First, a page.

What you need to know:
- In Kenya, the main corruption loophole, according to audit reports, is manipulation of procurement system and other transactions that have increased the cost of doing business.
- Experts say the technology allows full traceability of transactions while building the roadmap to identify illicit activities or malfeasance.
The United Nations Office on Drugs and Crime (UNODC) has challenged Kenya to embrace use of technology if it is serious about fighting massive corruption in public and private sectors.
In Kenya, the main corruption loophole, according to audit reports, is manipulation of procurement system and other transactions that have increased the cost of doing business.
Mr David Robinson, UNODC East African region anti-corruption advisor, notes that any App that uses Blockchain solutions makes the purge on corruption and economic crimes easier to trace.
“When corruption represents a breach of trust, a technology that strengthens trust becomes an attractive solution in public projects. In the era of the 4th industrial revolution, online trust became a key asset for transactions between strangers and building confidence in government,” Mr Robinson says.
Experts say the technology allows full traceability of transactions while building the roadmap to identify illicit activities or malfeasance.
It also reduces illicit financial flows, strengthening the recovery and return of stolen assets, substantially reducing bribery and corruption, and developing effective, accountable and transparent institutions at all levels.
This provides a level of security, integrity and reliability eliminating the need for intermediaries and reducing the risk of arbitrary discretion. Transactions can also be tracked, traced and used by law enforcement and government auditors.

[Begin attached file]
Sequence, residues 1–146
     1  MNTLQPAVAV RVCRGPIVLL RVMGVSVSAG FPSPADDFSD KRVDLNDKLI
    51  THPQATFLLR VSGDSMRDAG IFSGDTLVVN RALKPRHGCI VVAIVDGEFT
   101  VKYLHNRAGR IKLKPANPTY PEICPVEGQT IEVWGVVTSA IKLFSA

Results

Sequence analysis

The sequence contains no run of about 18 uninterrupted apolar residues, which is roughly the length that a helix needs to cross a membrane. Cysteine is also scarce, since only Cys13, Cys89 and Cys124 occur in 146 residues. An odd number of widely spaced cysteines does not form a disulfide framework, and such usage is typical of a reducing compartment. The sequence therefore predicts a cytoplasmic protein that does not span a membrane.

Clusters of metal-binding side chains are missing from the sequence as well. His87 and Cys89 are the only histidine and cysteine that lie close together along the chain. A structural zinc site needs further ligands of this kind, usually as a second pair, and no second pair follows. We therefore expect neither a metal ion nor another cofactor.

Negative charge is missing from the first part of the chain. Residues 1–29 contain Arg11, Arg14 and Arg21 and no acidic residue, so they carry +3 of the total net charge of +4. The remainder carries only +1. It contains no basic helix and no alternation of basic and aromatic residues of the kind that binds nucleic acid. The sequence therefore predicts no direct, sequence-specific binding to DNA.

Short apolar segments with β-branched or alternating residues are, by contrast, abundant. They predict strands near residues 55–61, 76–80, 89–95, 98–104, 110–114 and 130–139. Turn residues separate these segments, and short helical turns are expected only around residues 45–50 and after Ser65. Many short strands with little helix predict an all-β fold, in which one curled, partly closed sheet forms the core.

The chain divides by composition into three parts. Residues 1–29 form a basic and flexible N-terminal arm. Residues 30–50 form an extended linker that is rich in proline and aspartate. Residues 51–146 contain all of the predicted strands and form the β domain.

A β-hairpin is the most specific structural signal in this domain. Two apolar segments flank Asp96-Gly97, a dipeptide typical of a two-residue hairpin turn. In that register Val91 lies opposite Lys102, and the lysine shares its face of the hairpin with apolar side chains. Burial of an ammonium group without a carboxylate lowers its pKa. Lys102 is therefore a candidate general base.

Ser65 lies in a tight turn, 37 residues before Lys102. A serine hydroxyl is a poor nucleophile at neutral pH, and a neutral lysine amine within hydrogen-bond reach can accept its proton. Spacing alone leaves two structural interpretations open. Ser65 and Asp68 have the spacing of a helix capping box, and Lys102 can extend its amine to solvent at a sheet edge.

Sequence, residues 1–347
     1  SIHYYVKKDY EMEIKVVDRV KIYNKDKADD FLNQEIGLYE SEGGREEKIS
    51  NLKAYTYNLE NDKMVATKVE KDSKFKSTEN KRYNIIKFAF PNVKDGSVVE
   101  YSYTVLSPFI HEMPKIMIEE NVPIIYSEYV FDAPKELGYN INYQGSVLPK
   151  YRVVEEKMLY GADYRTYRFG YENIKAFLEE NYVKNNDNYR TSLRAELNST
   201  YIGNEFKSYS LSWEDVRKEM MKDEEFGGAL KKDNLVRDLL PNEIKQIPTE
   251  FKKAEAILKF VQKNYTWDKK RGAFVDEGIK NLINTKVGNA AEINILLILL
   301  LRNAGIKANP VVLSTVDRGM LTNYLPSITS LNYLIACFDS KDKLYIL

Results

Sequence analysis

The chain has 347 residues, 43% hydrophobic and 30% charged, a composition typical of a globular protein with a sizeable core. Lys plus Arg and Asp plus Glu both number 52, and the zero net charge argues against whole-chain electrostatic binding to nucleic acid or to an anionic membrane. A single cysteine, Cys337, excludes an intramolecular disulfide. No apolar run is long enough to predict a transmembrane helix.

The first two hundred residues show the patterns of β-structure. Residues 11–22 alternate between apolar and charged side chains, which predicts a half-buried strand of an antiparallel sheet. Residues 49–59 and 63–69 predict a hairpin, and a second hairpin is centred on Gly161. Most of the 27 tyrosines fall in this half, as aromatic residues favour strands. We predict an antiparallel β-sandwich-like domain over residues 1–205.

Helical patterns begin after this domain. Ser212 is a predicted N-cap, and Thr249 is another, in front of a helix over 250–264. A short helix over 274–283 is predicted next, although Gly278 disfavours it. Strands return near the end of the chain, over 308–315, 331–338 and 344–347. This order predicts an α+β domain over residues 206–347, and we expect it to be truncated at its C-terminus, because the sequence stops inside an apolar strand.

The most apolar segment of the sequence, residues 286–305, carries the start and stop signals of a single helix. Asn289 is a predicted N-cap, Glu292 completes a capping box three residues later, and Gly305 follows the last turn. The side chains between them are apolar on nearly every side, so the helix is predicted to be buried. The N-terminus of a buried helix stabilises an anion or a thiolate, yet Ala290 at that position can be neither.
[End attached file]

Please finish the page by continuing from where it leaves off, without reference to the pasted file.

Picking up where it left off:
Mr Robinson notes that UNODC provides tail-end technical assistance to support the campaign against corruption, economic fraud and identity related crime.
This technical assistance includes legislative drafting national policy and strategy guidance and capacity building activities.
“To combat government corruption, Blockchain solutions focusses on automating and tracking high risk transactions such as public contracts, cash transfers and aid funds,” Mr Robinson says, noting that ICT access in rural Kenya remains an issue in the campaign.
The UN agency says the technology provides an unprecedented level of integrity, security and reliability to the information it manages, reducing the risks associated with having a single point of failure. It eliminates the need for intermediaries, cuts red tape and reduces the risk of arbitrary discretion.
It also makes it possible to track and trace transactions and that the immutable trail of transactions can be used by law enforcement and government auditors thereby neutering fraud.
The universality of Blockchain presents the potential for application for various fields-state administration, international economic relations, private enterprise, production, trade, the judicial system, medicine, education, science among others.
“Blockchain technology becomes attractive to the global community and international organizations because it is a tool that can be used to potentially prevent corruption and protect public registries from fraud and tampering,” he says.
Corruption poses significant threats to countries around the world as it weakens institutions, erodes trust and threatens the economy by undermining fair competition and discouraging investment and trade.
To check corruption, Blockchain technology, therefore, builds on traceability, transparency and accountability and protects data from interference.
Reports from the Office of Auditor-General indicate that taxpayers could be losing at least Sh1 trillion to corruption because of the failure by those in charge to account for the monies appropriated due to lack of data.
In 2016, then Ethics and Anti-Corruption Commission chairman Philip Kinisu, a retired auditor, said that a third of Kenya’s budget is lost to corruption every year with the lack of equipment, including technology a huge dent in the anti-graft war.
The Organisation for Economic Cooperation and Development (OECD), notes that each year, an estimated USD9.5 trillion is spent on public sector contracts and large public investment projects.
It is estimated that up to 10 percent of the total cost of doing business globally and up to 25 percent of the cost of procurement contracts in the developing countries is due to corruption.
“Now these are extraordinary figures and the imperative to tackle it is correct,” Mr Robinson says.
The World Bank further estimates that businesses and individuals pay up to $.5 trillion every year in bribes which corresponds to a staggering two percent of the global Gross Domestic Product (GDP).
To address this, Mr Robinson says that every step of the procurement chain is monitored, tracked and audited.